Acta Physico-Chimica Sinica

Special Issue: CO2 Reduction

• Accepted manuscript • Previous Articles     Next Articles

Recent Advances in Electrochemical CO2 Reduction Using CopperBased Catalysts

Yichen Meng, Siyu Kuang, Hai Liu, Qun Fan, Xinbin Ma, Sheng Zhang   

  1. Key Laboratory for Green Chemical Technology of Ministry of Education, Collaborative Innovation Centre of Chemical Science and Engineering, School of Chemical Engineering and Technology, Tianjin University, Tianjin 300072, China
  • Received:2020-06-12 Revised:2020-06-28 Accepted:2020-06-29 Published:2020-07-02
  • Supported by:
    The project was supported by the Key Research and Development Project of Tianjin (18ZXJMTG00180, 19ZXNCGX00030)

Abstract: Burning of fossil fuels increases CO2 concentration in the atmosphere, resulting in a series of climate- and environment-related concerns such as global warming, sea-level rise, and melting of glaciers. Therefore, utilization of renewable energy to reduce the CO2 concentration, in order to realize a sustainable development, is urgent. Capturing and utilizing CO2, a greenhouse gas, can not only address these concerns but also alleviate the current scenario of energy shortage. Thermal catalytic CO2 hydrogenation offers various pathways with high conversion efficiencies to produce fuels and industrial chemicals including CO, HCOOH, CH3OH, and CH4. However, CO2 is chemically inert due to the highly stable C=O bond. Thus, harsh reaction conditions such as high temperature and pressure are required for CO2 hydrogenation.
Electrocatalytic CO2 reduction using renewable electricity and water is a promising alternative to thermocatalysis. This technology can not only store and transport the intermittent solar or wind energy but can also use water as the proton source instead of H2, which is indispensable for thermal CO2 hydrogenation. Electrochemical CO2 reduction under ambient conditions is a proton-coupled electron transfer process. The key to promote the electrochemical reduction of CO2 is to develop highly selective and active catalysts with high stability. Among various CO2 electrocatalysts, copper-based catalysts have attracted significant attention and have been extensively investigated, since they exhibit good selectivity and efficiency for the reduction of CO2 to hydrocarbons and alcohols. A broad range of products, up to 16 different gases and liquids, can be obtained in the CO2electroconversion on copper. Copper is the only metal that has a negative adsorption energy for *CO and a positive adsorption energy for *H. Thus, it has a unique property of generating >2e- transfer products. However, selectivity of the target product is still low, especially for high value-added C2+ species (C2H4, C2H5OH, CH3COOH, CH3CHO, n-C3H7OH, etc.).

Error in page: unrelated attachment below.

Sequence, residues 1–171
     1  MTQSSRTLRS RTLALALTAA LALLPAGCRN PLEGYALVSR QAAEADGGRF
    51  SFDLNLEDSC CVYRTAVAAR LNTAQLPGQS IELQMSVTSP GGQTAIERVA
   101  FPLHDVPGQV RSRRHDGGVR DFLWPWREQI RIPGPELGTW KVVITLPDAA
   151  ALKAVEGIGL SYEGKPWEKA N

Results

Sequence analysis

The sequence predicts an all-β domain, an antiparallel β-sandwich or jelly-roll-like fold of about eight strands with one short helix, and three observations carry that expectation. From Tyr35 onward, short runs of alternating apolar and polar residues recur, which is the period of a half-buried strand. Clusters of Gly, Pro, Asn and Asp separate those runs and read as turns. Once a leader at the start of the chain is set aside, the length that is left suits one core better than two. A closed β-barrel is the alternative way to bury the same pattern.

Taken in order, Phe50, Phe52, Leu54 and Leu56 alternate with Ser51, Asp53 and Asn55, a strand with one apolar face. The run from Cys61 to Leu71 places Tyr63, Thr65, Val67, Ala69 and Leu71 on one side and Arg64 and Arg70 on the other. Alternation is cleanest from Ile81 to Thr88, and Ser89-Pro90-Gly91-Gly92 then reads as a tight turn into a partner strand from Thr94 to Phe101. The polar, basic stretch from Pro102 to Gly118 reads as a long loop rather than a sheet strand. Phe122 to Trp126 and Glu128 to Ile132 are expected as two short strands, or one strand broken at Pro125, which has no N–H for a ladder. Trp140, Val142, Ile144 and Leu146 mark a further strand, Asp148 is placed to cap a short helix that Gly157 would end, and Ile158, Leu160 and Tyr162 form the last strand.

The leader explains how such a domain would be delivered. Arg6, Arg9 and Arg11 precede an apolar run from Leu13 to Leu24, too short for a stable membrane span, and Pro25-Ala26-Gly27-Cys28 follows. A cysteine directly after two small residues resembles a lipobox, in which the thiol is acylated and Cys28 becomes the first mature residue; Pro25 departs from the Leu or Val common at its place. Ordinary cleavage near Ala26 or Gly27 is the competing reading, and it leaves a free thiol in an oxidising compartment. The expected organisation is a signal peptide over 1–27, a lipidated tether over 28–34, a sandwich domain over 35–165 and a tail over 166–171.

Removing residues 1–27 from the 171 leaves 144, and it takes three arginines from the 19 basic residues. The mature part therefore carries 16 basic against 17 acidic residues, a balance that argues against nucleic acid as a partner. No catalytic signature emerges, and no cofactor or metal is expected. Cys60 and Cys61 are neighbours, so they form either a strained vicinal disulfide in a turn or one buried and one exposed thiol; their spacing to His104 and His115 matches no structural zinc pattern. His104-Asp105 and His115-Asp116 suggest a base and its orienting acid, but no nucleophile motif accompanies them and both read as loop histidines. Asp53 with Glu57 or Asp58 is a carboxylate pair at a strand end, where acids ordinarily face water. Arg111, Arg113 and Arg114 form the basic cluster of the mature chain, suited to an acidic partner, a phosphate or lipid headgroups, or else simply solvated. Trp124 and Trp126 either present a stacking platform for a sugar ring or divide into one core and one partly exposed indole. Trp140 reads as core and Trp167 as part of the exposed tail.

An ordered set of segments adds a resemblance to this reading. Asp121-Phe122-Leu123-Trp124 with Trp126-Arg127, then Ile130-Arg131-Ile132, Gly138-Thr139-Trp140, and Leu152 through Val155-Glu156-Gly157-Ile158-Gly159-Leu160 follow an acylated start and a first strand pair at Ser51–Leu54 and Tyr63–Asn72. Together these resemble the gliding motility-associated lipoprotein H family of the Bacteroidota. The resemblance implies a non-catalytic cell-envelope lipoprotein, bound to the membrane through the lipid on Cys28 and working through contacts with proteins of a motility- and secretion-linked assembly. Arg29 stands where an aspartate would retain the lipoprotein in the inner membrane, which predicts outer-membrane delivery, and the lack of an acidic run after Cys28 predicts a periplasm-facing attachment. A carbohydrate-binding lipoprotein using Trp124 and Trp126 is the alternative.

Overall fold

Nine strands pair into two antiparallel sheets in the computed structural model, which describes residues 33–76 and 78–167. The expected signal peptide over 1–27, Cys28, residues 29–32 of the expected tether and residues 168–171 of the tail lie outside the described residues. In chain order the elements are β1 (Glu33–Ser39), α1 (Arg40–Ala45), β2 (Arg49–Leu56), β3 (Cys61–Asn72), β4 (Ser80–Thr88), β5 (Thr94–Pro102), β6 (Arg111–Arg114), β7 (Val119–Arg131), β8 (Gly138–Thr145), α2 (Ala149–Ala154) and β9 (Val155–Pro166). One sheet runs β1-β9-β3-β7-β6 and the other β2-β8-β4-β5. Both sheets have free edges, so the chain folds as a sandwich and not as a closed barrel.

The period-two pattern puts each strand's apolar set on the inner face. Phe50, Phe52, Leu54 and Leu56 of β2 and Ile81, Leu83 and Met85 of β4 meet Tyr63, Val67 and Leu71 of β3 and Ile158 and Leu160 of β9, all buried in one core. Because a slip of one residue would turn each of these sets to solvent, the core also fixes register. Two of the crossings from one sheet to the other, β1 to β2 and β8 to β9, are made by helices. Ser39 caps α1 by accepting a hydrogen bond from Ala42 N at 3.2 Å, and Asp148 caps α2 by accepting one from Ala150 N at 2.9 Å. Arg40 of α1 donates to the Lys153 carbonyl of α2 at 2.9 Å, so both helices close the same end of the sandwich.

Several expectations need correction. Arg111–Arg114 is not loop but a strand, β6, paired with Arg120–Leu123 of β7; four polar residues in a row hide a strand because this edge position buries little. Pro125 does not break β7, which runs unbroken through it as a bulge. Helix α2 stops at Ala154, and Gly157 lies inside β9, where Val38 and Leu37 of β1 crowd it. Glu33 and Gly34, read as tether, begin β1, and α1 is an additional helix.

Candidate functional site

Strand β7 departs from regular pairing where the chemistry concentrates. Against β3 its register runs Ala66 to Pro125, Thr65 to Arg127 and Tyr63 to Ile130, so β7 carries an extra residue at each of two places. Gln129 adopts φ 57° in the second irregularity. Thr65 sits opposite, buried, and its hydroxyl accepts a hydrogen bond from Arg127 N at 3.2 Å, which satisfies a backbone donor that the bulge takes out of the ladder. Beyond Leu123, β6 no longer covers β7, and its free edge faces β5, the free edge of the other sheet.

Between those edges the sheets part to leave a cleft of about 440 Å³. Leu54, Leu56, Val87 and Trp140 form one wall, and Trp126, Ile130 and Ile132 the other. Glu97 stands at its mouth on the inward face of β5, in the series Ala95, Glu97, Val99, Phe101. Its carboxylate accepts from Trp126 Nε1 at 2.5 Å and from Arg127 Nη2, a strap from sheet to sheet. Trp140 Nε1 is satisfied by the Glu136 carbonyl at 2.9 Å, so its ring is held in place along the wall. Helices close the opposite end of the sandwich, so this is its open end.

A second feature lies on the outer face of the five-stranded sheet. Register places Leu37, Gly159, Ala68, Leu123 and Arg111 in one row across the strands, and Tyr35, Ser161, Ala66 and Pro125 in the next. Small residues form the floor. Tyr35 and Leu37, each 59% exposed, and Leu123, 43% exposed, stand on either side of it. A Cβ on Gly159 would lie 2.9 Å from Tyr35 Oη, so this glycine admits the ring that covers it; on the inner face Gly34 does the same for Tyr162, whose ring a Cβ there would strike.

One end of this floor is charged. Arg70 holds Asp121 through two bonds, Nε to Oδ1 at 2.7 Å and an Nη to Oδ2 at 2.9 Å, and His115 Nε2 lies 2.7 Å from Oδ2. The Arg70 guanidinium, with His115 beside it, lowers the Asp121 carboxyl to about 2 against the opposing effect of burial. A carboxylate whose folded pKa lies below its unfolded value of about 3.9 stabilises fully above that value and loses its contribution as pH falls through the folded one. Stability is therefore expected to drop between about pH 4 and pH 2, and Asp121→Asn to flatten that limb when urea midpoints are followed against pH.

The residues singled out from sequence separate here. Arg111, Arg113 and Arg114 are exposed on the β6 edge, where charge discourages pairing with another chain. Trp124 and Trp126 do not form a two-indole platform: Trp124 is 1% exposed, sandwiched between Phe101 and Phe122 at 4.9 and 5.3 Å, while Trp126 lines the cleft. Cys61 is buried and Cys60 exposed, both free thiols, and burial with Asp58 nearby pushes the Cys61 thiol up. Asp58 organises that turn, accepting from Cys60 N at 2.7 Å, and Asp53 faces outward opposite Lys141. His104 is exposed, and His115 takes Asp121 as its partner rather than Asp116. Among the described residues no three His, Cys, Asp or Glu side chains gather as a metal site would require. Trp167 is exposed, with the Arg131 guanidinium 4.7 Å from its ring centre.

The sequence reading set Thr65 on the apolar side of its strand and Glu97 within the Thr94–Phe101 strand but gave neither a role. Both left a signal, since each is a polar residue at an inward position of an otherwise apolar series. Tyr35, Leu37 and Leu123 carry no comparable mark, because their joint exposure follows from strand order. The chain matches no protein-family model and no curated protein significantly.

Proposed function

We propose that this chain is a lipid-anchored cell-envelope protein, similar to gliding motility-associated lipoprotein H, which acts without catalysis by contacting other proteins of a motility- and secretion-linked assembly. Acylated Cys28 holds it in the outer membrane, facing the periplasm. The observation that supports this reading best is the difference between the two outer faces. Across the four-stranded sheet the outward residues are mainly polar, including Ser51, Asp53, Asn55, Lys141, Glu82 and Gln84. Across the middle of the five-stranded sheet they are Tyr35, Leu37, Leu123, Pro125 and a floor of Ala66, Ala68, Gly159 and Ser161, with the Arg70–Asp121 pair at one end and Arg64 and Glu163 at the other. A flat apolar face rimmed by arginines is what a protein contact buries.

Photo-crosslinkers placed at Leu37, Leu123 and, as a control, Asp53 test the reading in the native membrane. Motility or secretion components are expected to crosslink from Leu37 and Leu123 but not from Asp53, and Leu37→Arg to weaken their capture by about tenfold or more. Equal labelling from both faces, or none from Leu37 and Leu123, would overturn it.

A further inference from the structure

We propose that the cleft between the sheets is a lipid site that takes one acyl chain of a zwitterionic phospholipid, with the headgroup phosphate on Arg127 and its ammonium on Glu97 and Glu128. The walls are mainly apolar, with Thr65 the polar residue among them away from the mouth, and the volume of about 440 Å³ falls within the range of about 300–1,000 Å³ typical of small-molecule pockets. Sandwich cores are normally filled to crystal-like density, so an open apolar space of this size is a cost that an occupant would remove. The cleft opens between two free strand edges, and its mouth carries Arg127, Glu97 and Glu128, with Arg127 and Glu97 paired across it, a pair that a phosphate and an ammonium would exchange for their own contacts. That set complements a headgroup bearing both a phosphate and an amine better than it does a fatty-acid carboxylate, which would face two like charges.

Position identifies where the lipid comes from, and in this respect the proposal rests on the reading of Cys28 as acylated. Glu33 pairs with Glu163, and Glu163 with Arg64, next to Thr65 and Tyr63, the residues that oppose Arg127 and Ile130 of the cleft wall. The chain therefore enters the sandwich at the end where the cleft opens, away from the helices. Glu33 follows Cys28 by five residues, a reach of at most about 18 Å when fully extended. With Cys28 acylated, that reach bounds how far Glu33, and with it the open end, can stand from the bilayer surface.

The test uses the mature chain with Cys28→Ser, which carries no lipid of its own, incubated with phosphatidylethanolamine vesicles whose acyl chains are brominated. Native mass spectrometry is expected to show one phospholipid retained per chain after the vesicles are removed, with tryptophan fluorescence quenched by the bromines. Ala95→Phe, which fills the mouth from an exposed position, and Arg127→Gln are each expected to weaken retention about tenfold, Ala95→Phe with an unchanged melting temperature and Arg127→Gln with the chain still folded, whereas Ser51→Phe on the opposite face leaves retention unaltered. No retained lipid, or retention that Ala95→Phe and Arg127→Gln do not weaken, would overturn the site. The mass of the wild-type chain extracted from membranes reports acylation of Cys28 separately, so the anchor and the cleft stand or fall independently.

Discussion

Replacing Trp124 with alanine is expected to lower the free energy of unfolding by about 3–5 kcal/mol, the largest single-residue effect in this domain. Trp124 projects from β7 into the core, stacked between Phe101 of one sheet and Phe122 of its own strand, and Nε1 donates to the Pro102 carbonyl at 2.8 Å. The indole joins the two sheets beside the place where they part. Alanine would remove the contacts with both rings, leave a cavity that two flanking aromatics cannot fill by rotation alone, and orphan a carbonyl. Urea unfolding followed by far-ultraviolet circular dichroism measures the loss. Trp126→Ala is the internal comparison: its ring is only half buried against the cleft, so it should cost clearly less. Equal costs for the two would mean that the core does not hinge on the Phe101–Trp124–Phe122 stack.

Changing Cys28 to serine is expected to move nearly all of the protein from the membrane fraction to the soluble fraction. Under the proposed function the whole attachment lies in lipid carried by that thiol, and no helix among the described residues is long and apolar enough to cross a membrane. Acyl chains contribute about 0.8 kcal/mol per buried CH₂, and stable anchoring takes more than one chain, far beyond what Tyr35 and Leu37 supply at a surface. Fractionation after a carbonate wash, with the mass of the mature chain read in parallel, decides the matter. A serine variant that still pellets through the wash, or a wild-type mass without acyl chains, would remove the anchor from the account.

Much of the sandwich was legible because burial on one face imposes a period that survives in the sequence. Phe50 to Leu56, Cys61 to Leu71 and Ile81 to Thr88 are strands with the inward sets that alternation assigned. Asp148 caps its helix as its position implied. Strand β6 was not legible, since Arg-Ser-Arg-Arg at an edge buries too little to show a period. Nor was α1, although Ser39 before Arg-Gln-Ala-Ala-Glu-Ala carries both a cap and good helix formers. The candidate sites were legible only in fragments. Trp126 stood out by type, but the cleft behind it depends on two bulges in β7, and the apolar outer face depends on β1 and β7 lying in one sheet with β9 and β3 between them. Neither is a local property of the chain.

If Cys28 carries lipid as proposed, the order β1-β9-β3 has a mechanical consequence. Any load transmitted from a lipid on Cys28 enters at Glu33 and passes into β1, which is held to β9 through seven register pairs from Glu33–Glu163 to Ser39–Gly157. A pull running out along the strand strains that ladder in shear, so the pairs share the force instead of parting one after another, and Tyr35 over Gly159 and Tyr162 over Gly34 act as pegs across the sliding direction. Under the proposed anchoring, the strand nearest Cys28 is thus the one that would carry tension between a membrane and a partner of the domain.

The selectivity of various products on copper-based catalysts could be enhanced by surface engineering techniques such as tuning the morphologies, particle sizes, surface facets, strains levels, and atomic coordination. Electrolyte engineering could also aid in CO2 electroreduction. Therefore, improving the selectivity of C2+ products by modifying copper-based catalysts could be a hot research topic. In addition, C-C coupling is a key step in forming C2+ products, though the C2+ product formation pathway is complex, and the mechanisms are still unclear. Considering these, this paper mainly reviews the research progress in copper-based catalysts producing C2+ species in the last five years. It also discusses the possible reaction mechanisms and the factors that affect the product selectivities. In the end, further research directions are proposed.

Key words: Carbon dioxide, Electrochemical reduction, Copper-based catalysts, C2+ products, Selectivity

MSC2000: 

  • O646